The focus of reflective journaling and mandala making is to bring unaware information into awareness, then use that information for self-care, for improving interactions with others and for reducing negative experiences and responses. These mandalas were made by a healthcare worker and a teacher, who have graciously allowed me to use their work. There are obvious differences and commonalities in the work. Remember: you are your own best teacher.

These mandalas represent how they look in a journal. In just observing them you might notice some thoughts and feeling. You might think about how your
own mirror neurons are working. You might also want to think about the part of the response is to do with ‘your stuff’. Noticing what you bring to the exercise and the feelings thoughts and meanings you project on to it has parallels in our work with others. The ability to distinguish between what is there in you and what is here inside me, is crucial for good professional practice.

An empathetic connection may allow an awareness of what the other is thinking and experiencing; but to believe you know this may mean you are bringing too much of yourself into the process rather than not actually experiencing the other. This is an example of empathy as a form of defense. True empathy requires noticing more fully what another person is communicating about themselves, and being able to tell the difference between their experience and your own multi-leveled responses.


Every work of art is the child of its age and, in many cases, the mother of our emotions.

Wassily Kandinsky


The process of using mandalas in reflective journaling aims to increase cognitive flexibility, and develop participants’ resilience. There is no right or wrong way to do the mandala creation, and only the one who created it can say what their mandala is actually about. We always remind the participants to share only what they feel comfortable sharing at that time. There is always time to bring in further reflections and connections. The role of the observer, supervisor, colleague, therapist, teacher, is only to witness. This is the basis of all mandala art therapy, whether with patients, groups, professional learning communities or our students and mentees. A facilitator can ask questions for clarity, and make suggestions, particularly when these are linked to reflective practice in a professional area. For example, in the third image below there is a mis-spelled word ‘peak’. However, remembering our comments about accidents, mistakes and errors being slips of information into conscious awareness, bringing them to the attention of the creator can provide food for thought. The images below were made by same process, yet clearly this set represent expressions of self from set one.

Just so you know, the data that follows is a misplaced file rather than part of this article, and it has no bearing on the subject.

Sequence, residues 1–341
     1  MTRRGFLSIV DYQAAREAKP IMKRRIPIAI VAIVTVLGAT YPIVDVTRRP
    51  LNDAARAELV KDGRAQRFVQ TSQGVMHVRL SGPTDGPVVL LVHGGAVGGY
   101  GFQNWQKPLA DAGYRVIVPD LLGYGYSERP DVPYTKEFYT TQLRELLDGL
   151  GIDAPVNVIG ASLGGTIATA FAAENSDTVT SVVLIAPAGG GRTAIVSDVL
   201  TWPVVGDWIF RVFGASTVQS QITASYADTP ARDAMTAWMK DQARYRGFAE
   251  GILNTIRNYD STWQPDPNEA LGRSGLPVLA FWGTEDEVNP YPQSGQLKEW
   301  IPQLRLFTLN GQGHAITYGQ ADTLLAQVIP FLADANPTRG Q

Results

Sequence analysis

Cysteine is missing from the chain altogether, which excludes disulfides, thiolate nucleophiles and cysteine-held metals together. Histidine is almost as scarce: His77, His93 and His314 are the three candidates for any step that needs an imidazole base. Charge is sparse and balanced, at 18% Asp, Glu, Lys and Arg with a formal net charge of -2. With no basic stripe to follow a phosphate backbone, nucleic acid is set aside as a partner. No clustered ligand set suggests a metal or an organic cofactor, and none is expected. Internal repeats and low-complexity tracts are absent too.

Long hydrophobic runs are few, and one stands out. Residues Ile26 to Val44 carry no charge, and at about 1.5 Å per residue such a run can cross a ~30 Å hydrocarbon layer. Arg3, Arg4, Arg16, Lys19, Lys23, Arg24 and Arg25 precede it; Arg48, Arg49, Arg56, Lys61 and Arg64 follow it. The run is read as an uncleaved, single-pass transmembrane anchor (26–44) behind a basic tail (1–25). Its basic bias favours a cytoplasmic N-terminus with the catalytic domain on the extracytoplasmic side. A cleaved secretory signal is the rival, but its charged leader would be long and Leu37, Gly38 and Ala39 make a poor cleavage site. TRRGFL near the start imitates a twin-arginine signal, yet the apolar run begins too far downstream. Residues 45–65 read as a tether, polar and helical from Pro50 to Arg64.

As you work with your own self-care and the care of others, it is important to remember this whole effort is a working toward compassionate self-care and compassionate care for others.This is the basis of all mandala art therapy, whether used with patients, groups, professional learning communities or our students and mentees, or in working groups to clarify hard-tocommunicate dynamics or as a vehicle for interpersonal growth. Because it gives an entry point to share verbally it is also useful for those who find self-expression or selfdisclosure difficult.

Just be with ourselves… Such a simple, gentle way calls first for a heart.

Karl Grass

Some conclusions

In discovery process we view the symptoms and signs of burnout as healthy responses as our bodies and minds try to get our attention to make changes in our lives. This brings us back to journaling and mandala-making as a strategy for leading an individual to greater awareness. Doing so should be helpful in resolving difficulties and building skills for healthier functioning and interactions. What is known, and how we come to know, are important for successful communication since we cannot be aware of all there is within us. Nor can we be aware of ‘the other’ in any depth unless we actively engage in making the effort to know ourselves and be known. There are means of actively engaging with our ‘unconsidered self. I have found journaling and mandala-making of great
value because in patient-facing work the depth of our selfknowledge influences choices and decision-making, contributes to unintended consequences in relationship distress, parenting difficulties and work dissatisfaction.

With discovery process we have found positive outcomes related to reduced distress and psychological symptoms, improvement in work environments, and
increased positive engagement with children, parents, partners, co-workers and those we are serving through our work. We are finding this process of self-empowerment combined with our development programme impacts positively on the closed and fearful self, reducing resistance, stagnation and ultimately burn-out. This new area of research and work calls for more exploration and study.

And so, to end with a twist on a proverb from popular culture: ‘when life hands you lemons, make lemonade… or mandalas’.

Further reading

The implications for practice and research, including reflective practice, can be found in a series of recommendations adopted and presented in the Sigma Theta Tau International Nursing Honor Society’s paper Scholarship of Reflective Practice (2014). In working with students and colleagues, the functionality of reflective practice hinges on the ability to be open-minded to the developing awareness, while critically appraising one’s actions and their outcomes (Titchen et al, 2011). The work of reflective practice and journaling cannot be separated from lived experience and a critical thought process (Amble, 2012). This is requisite for improved decisionmaking related to actions taken for self and others (Mulcahy, 2013),


  • Amble N (2012) Reflection in action with care workers in emotion work. Action Research, 10(3) 260–275.
  • Billington T (2013) Promoting self-awareness through reflective practice. British Journal of Nursing, 22(1).
  • Browne I (1990) Psychological trauma, or unexperienced experience. Re-vision, 12(4) 21.
  • Jung CG (1973) (RFC Hull, trans) Mandala symbolism. Princeton, NJ: Princeton University Press.
  • Krauss N (2015) Letter to Vincent Van Gogh in When I Give, I Give Myself. Van Gogh Museum exhibition, May 2015–January 2016.
  • Mulcahy M (2013) Mandalas as a tool for transformation to enable human flourishing: the influence of Carl Jung. International Practice Development Journal, 3(2).
  • Pennebaker J (1997) Writing about emotional experiences as a therapeutic process. Psychological Science, 8(3) 162–166.
  • Rizzolatti G, Fadiga L, Gallese V, Fogassi L (1996) Premotor cortex and the recognition of motor actions. Cognitive Brain Research, 3, 131–141.
  • The Honor Society of Nursing Sigma Theta Tau International (2014) The scholarship of reflective practice. Available at: positionpapers/resource_reflective.pdf?sfvrsn=4 (accessed 22 June 2020).
  • Titchen A, McCormack B, Wilson V, Solman A (2011) Human flourishing through body, creative imagination and reflection. International Practice Development Journal 1(1).